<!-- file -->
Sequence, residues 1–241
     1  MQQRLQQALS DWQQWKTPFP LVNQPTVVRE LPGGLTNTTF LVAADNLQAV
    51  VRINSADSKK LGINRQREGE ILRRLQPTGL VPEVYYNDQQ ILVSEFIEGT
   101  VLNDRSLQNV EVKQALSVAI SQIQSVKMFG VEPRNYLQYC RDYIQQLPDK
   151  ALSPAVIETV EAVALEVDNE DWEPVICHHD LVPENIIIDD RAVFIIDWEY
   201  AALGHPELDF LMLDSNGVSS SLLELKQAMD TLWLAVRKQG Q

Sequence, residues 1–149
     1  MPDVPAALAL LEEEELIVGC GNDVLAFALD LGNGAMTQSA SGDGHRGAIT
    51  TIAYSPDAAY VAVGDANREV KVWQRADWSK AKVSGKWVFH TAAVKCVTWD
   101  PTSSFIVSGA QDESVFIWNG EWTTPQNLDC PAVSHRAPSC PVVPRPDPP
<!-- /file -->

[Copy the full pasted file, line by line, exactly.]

Sequence, residues 1–241
     1  MQQRLQQALS DWQQWKTPFP LVNQPTVVRE LPGGLTNTTF LVAADNLQAV
    51  VRINSADSKK LGINRQREGE ILRRLQPTGL VPEVYYNDQQ ILVSEFIEGT
   101  VLNDRSLQNV EVKQALSVAI SQIQSVKMFG VEPRNYLQYC RDYIQQLPDK
   151  ALSPAVIETV EAVALEVDNE DWEPVICHHD LVPENIIIDD RAVFIIDWEY
   201  AALGHPELDF LMLDSNGVSS SLLELKQAMD TLWLAVRKQG Q

Sequence, residues 1–149
     1  MPDVPAALAL LEEEELIVGC GNDVLAFALD LGNGAMTQSA SGDGHRGAIT
    51  TIAYSPDAAY VAVGDANREV KVWQRADWSK AKVSGKWVFH TAAVKCVTWD
   101  PTSSFIVSGA QDESVFIWNG EWTTPQNLDC PAVSHRAPSC PVVPRPDPP